IBM used 100 mn photos from Flickr to train AI algorithms without user permission
IBM, a company usually at the forefront of AI research and development is now in the news for the wrong reason. A report has found that the American IT giant has been using around one million images from Flickr to train its facial recognition AI, without the permission of the people in the photos.
In a bid to train AI algorithms into recognising people of colour better, IBM in January revealed its new “Diversity in Faces” dataset. To create this dataset of faces, IBM drew upon a huge collection of around 100 million Creative Commons-licensed images released by Flickr’s former owner, Yahoo, for research purposes.
While CC image databases are often used for research purposes, taking into account the potential uses of facial recognition technology, many people might not want their faces used for this particular kind of face training. Especially, if it involved people being marked out by gender or race.
According to a report NBC News, the publication was able to view the collection where it was found that all the images were annotated according to various estimates like age and gender, as well as physical details — skin tone, size and shape of facial features, and pose.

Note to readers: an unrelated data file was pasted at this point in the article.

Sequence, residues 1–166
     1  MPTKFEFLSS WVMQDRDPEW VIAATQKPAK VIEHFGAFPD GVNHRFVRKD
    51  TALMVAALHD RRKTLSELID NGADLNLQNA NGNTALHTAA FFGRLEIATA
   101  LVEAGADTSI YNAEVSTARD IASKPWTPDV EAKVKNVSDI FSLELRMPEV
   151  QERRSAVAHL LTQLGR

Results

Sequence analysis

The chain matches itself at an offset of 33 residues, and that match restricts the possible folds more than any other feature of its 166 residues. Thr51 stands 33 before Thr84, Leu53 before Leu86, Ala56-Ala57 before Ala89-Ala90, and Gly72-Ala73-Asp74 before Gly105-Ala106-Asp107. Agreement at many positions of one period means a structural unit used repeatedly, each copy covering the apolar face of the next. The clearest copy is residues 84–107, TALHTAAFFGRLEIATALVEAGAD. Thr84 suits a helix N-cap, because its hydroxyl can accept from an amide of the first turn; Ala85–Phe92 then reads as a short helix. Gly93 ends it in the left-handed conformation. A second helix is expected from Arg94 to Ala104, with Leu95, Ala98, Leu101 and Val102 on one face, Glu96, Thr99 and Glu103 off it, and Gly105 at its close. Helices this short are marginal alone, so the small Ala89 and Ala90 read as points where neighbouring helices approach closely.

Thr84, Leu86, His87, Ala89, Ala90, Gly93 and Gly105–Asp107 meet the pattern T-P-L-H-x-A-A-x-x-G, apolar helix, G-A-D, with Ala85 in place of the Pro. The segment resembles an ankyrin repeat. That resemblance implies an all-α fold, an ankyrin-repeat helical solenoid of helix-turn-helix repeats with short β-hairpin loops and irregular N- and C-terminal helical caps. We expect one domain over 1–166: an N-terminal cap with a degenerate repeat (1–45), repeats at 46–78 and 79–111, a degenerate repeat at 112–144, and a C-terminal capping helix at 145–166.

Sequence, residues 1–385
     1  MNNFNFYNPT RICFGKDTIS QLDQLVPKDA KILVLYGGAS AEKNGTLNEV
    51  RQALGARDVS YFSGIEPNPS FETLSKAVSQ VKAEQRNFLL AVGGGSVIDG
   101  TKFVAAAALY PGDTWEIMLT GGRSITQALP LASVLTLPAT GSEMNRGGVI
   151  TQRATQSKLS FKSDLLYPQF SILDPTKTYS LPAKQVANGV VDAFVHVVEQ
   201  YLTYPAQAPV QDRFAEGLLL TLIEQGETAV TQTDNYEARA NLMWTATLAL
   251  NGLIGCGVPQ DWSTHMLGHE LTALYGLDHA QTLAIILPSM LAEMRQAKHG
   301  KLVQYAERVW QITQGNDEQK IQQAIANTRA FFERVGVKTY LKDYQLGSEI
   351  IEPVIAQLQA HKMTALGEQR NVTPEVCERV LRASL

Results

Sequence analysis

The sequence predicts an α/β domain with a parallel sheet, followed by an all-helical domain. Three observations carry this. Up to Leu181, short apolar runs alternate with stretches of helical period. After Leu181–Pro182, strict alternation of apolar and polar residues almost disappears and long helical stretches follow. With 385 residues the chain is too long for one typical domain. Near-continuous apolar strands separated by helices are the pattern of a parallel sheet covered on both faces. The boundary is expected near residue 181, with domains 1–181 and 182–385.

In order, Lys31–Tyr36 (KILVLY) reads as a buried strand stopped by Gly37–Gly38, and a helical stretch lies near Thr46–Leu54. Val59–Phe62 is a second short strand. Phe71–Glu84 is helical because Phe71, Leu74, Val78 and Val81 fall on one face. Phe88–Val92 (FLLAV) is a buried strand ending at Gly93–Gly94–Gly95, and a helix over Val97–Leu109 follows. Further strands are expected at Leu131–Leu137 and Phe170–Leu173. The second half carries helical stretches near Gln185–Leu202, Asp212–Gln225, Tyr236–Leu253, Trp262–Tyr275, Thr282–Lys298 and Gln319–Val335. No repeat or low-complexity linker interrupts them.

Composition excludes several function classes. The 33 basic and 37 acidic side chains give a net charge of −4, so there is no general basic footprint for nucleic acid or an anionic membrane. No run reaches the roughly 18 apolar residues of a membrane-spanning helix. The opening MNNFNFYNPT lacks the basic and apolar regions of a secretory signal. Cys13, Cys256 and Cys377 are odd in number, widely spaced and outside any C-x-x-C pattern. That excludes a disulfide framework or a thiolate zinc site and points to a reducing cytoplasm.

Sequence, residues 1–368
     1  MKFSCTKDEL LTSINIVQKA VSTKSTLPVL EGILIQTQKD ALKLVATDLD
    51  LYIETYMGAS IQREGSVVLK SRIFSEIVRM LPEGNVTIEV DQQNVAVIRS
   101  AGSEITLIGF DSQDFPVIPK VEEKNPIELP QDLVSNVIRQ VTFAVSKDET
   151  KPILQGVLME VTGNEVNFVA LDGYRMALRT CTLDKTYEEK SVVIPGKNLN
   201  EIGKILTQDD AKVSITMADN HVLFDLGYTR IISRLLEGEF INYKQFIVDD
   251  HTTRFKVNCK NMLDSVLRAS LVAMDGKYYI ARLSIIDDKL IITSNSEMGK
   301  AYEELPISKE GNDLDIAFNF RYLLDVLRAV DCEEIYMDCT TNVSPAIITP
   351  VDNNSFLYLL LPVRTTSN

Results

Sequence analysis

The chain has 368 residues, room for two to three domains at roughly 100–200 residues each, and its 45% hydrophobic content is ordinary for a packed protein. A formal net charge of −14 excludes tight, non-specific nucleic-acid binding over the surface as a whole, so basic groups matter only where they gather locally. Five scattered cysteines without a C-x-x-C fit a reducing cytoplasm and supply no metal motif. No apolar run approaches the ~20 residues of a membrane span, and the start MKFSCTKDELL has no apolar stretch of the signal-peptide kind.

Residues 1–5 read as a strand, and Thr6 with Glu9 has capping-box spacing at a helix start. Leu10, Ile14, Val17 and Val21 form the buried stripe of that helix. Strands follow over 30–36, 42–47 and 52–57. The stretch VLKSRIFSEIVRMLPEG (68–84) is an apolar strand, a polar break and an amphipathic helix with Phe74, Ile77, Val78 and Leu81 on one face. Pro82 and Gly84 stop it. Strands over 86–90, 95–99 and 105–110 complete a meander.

The publication also created a handy little tool if you want to check whether you’re included by simply dropping your username.
But while IBM was using Creative Commons licensed images, the company hadn’t actually informed those whose faces appear in the almost one million images what their actual faces, not just images, were being used for.
IBM could argue that the image subjects have given permission for their photos to be used under the Creative Commons license, what they do not have explicit consent for is that these faces be used for training AI facial recognition algorithms.
Responding to the allegation of wrongful usage, IBM in a statement to The Verge said, “We take the privacy of individuals very seriously and have taken great care to comply with privacy principles.” It noted that the dataset could only be accessed by verified researchers and only included images that were publicly available. It added, “Individuals can opt-out of this dataset.”
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